THE EFFECT OF TEMPORALLY VARIABLE ENVIRONMENTS ON MOLECULAR CHANGES IN HUMAN CELLS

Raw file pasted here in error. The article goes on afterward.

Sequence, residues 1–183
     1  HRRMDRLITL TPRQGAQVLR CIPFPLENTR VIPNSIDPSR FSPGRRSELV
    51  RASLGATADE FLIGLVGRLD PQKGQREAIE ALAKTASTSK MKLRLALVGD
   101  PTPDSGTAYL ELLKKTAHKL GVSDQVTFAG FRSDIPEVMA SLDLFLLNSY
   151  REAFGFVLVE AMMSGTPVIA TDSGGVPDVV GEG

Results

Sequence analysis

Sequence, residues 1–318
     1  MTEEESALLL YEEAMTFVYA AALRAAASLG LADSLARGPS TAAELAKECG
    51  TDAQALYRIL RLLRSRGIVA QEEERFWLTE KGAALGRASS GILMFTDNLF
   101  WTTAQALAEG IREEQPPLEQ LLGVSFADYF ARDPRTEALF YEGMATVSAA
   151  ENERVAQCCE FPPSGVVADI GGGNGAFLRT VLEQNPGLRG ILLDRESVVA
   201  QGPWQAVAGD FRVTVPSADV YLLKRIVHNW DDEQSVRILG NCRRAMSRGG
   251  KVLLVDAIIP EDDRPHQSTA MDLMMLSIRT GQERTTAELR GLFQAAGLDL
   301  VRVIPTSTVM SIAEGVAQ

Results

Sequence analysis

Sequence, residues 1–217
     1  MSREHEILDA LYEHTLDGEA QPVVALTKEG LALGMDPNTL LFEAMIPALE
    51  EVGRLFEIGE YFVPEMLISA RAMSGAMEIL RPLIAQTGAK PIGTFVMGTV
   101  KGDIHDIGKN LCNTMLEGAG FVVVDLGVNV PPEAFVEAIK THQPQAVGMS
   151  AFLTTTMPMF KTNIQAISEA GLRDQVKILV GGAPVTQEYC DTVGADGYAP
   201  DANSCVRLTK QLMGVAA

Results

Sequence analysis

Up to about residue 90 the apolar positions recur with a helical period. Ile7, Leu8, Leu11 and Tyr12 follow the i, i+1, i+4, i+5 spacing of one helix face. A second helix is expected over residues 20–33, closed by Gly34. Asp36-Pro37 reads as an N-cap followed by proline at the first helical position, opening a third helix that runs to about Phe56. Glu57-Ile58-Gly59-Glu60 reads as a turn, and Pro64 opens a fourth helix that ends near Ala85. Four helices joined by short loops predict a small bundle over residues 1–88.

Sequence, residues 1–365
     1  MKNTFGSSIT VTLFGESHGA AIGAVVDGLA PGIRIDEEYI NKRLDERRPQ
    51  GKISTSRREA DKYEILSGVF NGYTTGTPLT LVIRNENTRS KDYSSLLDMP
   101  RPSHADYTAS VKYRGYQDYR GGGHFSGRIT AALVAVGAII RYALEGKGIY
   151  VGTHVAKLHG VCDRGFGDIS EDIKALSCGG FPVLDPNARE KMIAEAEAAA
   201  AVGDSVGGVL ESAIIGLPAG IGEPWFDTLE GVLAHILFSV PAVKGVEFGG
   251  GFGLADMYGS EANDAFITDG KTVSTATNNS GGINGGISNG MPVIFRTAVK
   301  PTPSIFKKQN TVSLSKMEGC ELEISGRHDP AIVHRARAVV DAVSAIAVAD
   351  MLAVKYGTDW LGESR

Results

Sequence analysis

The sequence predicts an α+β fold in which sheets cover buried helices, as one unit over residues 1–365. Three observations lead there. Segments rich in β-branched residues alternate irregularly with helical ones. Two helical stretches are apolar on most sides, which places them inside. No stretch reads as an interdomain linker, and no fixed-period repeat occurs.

Exposure of cells to diverse types of stressful environments differentially regulates cell fate. Although many types of stresses causing this differential regulation are known, it is unknown how changes over time of the same stressor regulate cell fate. Changes in extracellular osmolarity are critically involved in physiological and pathophysiological processes in several tissues. We observe that human cells survive gradual but not acute hyperosmotic stress. We find that stress, caspase, and apoptosis signaling do not activate during gradual stress in contrast to acute treatments. Contrary to the current paradigm, we see a substantial accumulation of proline in cells treated with gradual but not acute stresses. We show that proline can protect cells from hyperosmotic stress similar to osmoprotection in plants and bacteria. Our studies identified a cell fate switch that enables cells to survive gradually changing stress environments by preventing caspase activation and protect cells through proline accumulation.